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Opinion Biden is planning for a Great Society 2.0

President Lyndon B. Johnson at the White House in September 1968. (Charles Tasnadi/AP)

President Biden wants to make government great again, and Lyndon B. Johnson appears to be his new role model, perhaps surprising for those who anticipated that the 78-year-old Biden might be satisfied being a caretaker president after the turbulence of Donald Trump.

The Johnsonian conception of government as an unapologetic force for good has been out of style since the 1970s — among both parties. Ronald Reagan famously declared that “government is the problem” in 1981, and all three Democratic presidents of the past half-century acknowledged feeling boxed in by the backlash to 1960s-style liberalism. Jimmy Carter conceded in 1978: “Government cannot solve our problems, it can’t set our goals, it cannot define our vision.” Bill Clinton declared in 1996 that “the era of big government is over.” Barack Obama reasoned in 2013 that “it’s not a bigger government we need, but a smarter government.”

Biden hopes big government can make a comeback, like bell-bottoms or macrame. During a prime-time address last Thursday, 50 days into his presidency, he told Americans that putting “trust and faith” in government is essential to defeating the coronavirus. “We need to remember the government isn’t some foreign force in a distant capital,” Biden said. Touting the American Rescue Plan in the Rose Garden the following day, he added: “This is the first time we’ve been able, since the Johnson administration and maybe even before that, to begin to change the paradigm,” from “trickle down” to “bottom up.”

Using LBJ as a yardstick represents a rhetorical shift from the campaign, when Biden frequently invoked the New Deal on the stump. He spoke at Franklin D. Roosevelt’s Winter White House in Warm Springs, Ga., the week before the election. “I’m kind of in a position that FDR was,” Biden told the New Yorker’s Evan Osnos, invoking the similar emergencies the two new presidents inherited and Roosevelt’s interest in achieving the quickest available solution.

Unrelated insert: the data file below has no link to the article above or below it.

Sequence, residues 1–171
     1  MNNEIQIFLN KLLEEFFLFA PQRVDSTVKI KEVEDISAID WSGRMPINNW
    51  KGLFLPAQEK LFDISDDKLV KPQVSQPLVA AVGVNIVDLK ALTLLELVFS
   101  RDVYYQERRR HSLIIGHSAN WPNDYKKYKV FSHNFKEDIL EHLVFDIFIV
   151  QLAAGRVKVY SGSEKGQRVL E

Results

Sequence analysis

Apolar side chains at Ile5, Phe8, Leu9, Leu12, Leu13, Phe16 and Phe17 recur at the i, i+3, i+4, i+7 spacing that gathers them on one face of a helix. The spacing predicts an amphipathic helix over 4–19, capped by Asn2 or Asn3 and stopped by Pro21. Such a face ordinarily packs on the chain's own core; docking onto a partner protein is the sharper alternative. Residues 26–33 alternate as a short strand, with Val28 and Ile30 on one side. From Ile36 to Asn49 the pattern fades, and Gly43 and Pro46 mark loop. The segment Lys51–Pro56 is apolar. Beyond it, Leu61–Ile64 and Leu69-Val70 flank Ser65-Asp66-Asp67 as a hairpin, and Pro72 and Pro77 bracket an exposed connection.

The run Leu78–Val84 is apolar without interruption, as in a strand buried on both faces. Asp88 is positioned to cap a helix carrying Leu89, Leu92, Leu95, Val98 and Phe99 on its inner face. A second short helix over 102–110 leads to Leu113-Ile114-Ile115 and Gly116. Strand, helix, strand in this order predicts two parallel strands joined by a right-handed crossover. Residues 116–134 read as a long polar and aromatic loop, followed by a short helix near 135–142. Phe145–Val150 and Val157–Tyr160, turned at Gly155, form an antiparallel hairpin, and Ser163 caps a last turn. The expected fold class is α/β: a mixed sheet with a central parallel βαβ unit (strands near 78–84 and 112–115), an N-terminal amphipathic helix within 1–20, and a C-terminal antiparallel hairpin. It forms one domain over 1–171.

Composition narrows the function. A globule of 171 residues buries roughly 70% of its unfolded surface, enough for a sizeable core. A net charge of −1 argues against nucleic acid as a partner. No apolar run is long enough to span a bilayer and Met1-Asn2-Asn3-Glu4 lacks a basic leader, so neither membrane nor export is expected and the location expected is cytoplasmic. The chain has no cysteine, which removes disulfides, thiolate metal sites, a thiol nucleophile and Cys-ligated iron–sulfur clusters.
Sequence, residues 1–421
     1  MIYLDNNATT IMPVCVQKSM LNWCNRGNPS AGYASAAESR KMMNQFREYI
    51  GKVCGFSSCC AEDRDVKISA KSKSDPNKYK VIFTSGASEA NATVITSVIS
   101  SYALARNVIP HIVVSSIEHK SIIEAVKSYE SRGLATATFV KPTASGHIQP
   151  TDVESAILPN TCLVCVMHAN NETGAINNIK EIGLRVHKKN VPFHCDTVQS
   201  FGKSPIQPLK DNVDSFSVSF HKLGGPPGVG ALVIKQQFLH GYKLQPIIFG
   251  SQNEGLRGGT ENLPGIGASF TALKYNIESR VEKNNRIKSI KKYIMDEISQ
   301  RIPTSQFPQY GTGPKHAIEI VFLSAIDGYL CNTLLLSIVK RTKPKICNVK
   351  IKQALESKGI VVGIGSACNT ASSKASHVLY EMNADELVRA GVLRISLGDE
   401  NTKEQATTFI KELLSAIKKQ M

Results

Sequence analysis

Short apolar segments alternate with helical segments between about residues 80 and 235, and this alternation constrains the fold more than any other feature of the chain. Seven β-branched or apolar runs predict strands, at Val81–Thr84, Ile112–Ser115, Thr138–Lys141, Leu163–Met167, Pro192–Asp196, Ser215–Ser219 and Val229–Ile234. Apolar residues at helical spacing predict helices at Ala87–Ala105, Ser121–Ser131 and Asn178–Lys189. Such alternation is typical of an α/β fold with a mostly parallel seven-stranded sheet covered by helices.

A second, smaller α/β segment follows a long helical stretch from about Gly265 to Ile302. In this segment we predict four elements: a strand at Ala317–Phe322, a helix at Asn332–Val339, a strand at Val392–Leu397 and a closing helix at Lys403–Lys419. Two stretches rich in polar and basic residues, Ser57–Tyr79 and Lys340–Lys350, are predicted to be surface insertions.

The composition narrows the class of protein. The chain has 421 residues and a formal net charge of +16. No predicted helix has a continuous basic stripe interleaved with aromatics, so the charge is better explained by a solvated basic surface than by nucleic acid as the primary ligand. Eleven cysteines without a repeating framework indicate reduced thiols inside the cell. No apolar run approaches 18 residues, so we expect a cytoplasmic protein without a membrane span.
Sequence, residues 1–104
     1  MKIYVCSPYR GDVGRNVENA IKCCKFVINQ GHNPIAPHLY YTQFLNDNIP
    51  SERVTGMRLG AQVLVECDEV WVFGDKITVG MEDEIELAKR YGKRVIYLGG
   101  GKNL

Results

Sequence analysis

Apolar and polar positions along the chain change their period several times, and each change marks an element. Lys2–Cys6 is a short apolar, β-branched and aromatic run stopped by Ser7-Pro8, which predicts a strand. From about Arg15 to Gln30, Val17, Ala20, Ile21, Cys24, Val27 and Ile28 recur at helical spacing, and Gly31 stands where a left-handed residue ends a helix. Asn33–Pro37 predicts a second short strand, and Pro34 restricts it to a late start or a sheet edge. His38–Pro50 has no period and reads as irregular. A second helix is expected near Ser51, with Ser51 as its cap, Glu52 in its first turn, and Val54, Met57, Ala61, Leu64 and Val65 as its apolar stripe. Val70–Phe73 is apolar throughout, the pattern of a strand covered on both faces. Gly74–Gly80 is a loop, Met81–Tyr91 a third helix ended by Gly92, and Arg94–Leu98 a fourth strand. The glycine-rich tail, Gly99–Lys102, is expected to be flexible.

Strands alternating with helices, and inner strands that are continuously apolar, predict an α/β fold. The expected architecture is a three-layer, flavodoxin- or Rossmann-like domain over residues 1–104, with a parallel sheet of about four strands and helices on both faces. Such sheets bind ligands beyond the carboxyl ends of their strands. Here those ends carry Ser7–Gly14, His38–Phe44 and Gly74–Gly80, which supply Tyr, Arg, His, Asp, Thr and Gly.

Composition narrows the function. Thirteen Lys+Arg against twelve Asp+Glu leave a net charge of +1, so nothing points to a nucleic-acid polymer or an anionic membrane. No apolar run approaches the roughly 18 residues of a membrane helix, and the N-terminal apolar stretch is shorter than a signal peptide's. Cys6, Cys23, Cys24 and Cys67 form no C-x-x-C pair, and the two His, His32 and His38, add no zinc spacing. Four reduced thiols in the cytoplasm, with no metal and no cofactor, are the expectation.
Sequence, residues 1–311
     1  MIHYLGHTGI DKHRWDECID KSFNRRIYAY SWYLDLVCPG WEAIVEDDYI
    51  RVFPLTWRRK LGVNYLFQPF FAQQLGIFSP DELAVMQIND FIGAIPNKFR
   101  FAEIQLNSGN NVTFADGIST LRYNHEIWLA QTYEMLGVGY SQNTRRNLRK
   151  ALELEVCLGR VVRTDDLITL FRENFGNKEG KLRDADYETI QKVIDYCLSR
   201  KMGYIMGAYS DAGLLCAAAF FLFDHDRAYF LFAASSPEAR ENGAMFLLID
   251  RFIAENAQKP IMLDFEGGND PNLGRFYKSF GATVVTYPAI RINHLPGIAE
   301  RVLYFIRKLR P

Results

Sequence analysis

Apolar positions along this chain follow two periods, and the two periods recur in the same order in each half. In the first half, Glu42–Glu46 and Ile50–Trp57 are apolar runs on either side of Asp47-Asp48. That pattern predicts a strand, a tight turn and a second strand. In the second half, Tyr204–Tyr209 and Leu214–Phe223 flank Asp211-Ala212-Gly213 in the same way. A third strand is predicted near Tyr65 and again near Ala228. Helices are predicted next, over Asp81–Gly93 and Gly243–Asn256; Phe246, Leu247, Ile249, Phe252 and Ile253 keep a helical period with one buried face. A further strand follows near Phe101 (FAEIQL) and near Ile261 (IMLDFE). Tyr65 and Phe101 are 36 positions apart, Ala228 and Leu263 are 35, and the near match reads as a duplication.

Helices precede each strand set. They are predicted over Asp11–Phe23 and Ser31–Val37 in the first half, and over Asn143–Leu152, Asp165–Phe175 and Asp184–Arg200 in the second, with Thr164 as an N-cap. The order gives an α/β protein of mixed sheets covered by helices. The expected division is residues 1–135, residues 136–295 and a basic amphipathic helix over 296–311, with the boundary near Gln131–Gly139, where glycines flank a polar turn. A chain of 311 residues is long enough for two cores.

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Biden’s recent invocation of Johnson suggests a more ideological component to his ambition — and a more fitting role model than the patrician Roosevelt. Both Biden and Johnson won election to Congress as 29-year-olds. Both were pragmatic creatures of the Senate who served as vice president to younger, less-experienced fellow senators who defeated them for the party’s nomination by inspiring young people to get politically engaged. Both found themselves initially mistrusted by the left and civil rights groups but appeared determined to win over those naysayers by being unexpectedly bold.

Johnson’s domestic achievements were extraordinary. He declared war on poverty and backed up his rhetoric by creating new entitlements with Medicare and Medicaid, passing major civil rights laws, creating a federal role in education, liberalizing immigration and so much more — until a real war in Vietnam doomed his social revolution.

Biden operates in a far different political environment than LBJ, and his nascent efforts to create a Great Society 2.0 are fragile. Most of what Biden has accomplished during his first two months is temporary and could be rolled back by the next president. The paradigm-shifting provisions of the $1.9 trillion bill he just signed into law — an expanded child tax credit and earned-income tax credit — must be extended to avoid sunsetting. Both chambers of Congress are not just closely divided but significantly more polarized than in Johnson’s time. And amid Republican intransigence on infrastructure, immigration and voting rights, the filibuster threatens to stymie the rest of Biden’s agenda in the Senate.

Biden is well aware of these realities, yet insiders say he yearns to be a transformational president, despite having campaigned as a transitional figure who would serve mainly as “a bridge” to the next generation of Democratic leaders. That may help explain why he just bowed to pressure from his left flank to endorse changing the rules of the Senate to make it easier to cut off filibusters. He told ABC News on Tuesday that senators should have to talk and hold the floor to keep a filibuster going.

Without changes to Senate rules, Biden will need to coax at least 10 Republicans to support legislation outside the budget reconciliation process. Infrastructure should be the most logical place for bipartisanship, but even as Republicans rediscover their fear of deficit spending, Senate Minority Leader Mitch McConnell (R-Ky.) said Tuesday that his members will not back any infrastructure bill that includes new revenue to pay for itself. Talk about a Catch-22.

The more immediate item many liberals want Biden to blow up the filibuster for is H.R. 1, a sprawling package of measures on voting, campaign finance and ethics that passed the House this month on a party-line vote. But even if Democrats got rid of the filibuster, it’s not clear that Biden could channel his inner LBJ to get the bill passed.

It’s going to be awfully hard, in short, for Biden to do much more than he already has to achieve a great society that can endure. But he has made a start at building a better one.

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